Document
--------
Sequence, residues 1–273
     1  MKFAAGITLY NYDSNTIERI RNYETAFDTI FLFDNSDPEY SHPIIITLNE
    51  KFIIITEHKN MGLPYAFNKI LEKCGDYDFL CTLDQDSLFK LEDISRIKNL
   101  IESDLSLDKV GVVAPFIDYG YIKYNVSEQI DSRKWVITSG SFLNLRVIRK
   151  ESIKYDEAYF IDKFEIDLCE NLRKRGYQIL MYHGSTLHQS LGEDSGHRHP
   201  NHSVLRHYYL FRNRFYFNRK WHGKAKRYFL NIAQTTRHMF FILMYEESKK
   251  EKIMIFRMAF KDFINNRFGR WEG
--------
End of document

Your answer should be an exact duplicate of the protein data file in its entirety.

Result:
Sequence, residues 1–273
     1  MKFAAGITLY NYDSNTIERI RNYETAFDTI FLFDNSDPEY SHPIIITLNE
    51  KFIIITEHKN MGLPYAFNKI LEKCGDYDFL CTLDQDSLFK LEDISRIKNL
   101  IESDLSLDKV GVVAPFIDYG YIKYNVSEQI DSRKWVITSG SFLNLRVIRK
   151  ESIKYDEAYF IDKFEIDLCE NLRKRGYQIL MYHGSTLHQS LGEDSGHRHP
   201  NHSVLRHYYL FRNRFYFNRK WHGKAKRYFL NIAQTTRHMF FILMYEESKK
   251  EKIMIFRMAF KDFINNRFGR WEG